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Claus process

The Claus process was discovered over 100 years ago and has been used by
industry to recover elemental sulfur from H2S bearing acid gas streams for over 50
years.
The Claus process is the most significant gas desulfurizing process, recovering
elemental sulfur from gaseous hydrogen sulfide. The overall main reaction equation is:
2H2S + O2 ↔ 2S + 2H2O
The Claus reaction is an equilibrium reaction; the extent of reaction completion
depends on the concentration of the reactants and products and operating conditions.
Because the Claus reaction is limited by equilibrium, a series of conversion
steps/stages is utilized to increase the overall conversion of H2S to sulfur.
A sulfur condenser is provided to condense and separate the sulfur formed in each
conversion stage.
The Claus Sulfur Recovery Unit (SRU) may be considered in two general sections:
1. The thermal section: in which H2S is converted to elemental sulfur at high
temperature (>1800 ºF) without the aid of catalyst.
2. The catalytic section: in which sulfur is formed at much lower temperatures (400 -
650 ºF) through the use of Claus alumina catalyst.
The Claus technology can be divided into two process steps, thermal and catalytic
Thermal step
hydrogen sulfide gas combustion at temperatures above 850°C such that elemental
sulfur precipitates in the downstream process gas cooler.
2H2S + 3O2 → 2SO2 + 2H2O (ΔH = -518 kJ mol−1)
This is a strongly exothermic free-flame total oxidation of hydrogen sulfide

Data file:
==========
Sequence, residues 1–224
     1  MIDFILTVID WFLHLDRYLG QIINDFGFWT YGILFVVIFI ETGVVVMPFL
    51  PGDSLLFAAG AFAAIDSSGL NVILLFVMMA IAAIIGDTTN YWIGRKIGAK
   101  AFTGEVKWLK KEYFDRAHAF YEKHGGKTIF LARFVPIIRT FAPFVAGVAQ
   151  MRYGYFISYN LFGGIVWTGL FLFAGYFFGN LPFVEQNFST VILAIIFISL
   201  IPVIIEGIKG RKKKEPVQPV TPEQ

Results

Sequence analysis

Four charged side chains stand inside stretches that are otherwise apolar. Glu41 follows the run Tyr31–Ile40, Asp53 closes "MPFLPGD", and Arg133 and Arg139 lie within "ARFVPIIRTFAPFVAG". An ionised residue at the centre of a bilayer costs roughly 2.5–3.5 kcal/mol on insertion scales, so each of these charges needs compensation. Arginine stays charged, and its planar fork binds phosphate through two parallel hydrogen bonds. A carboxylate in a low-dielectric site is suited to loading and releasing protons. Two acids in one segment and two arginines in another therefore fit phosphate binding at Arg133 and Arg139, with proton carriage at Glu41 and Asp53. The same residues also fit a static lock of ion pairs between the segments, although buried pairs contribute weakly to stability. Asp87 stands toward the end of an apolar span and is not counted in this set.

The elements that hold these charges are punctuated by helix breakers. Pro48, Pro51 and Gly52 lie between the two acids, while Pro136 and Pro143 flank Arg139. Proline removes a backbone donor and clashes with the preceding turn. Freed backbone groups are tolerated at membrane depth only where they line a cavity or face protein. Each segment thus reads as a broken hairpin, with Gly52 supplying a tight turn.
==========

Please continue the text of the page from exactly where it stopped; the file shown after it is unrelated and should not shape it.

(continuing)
generating sulfur dioxide that reacts away in subsequent reactions. The most
important one is the Claus reaction:
2H2S + SO2 → 3S + 2H2O
Side reactions
Other chemical processes taking place in the thermal step of the Claus reaction are:

I. The formation of hydrogen gas:


2H2S → S2 + 2H2 (ΔH > 0)
CH4 + 2H2O → CO2 + 4H2

II. The formation of carbonyl sulfide:

H2S + CO2 → S=C=O + H2O

III. The formation of carbon disulfide:

CH4 + 2S2 → S=C=S + 2H2S


Catalytic step
The Claus reaction continues in the catalytic step with
activated aluminum(III) or titanium(IV) oxide, and serves to boost the sulfur yield.
More hydrogen sulfide (H2S) reacts with the SO2 formed during combustion in the
reaction furnace in the Claus reaction, and results in gaseous, elemental sulfur.
2H2S + SO2 → 3S + 2H2O (ΔH = -1165.6 kJ mol−1)
The catalytic recovery of sulfur consists of three sub-steps:
• Heating
• Catalytic reaction
• Cooling plus condensation.
These three steps are normally repeated a maximum of three times. In Claus plant,
only two catalytic stages are usually installed.
Heating The first process step is the gas heating process, which is necessary to
prevent sulfur condensation in the catalyst bed, that can lead to catalyst
fouling.
The typically operating temperature of the first catalyst stage is 315°C to 330°C
(bottom bed temperature). This high temperature helps to hydrolyze COS and CS2,
which is formed in the furnace and would not otherwise be converted in the modified
Claus process.
Catalytic Reaction The catalytic conversion is maximized at lower temperatures.
The operating temperatures of the subsequent catalytic stages are typically
240°C for the second stage and 200°C for the third stage (bottom bed
temperatures).
Cooling plus condensation In the sulfur condenser, the process gas coming from
the catalytic reactor is cooled to between 150 and 130 °C. The
condensation heat is used to generate steam at the shell side of the
condenser.
Before storage, liquid sulfur streams from the process gas cooler, the sulfur
condensers and from the final sulfur separator are routed to the degassing unit,
where the gases (primarily H2S) dissolved in the sulfur are removed.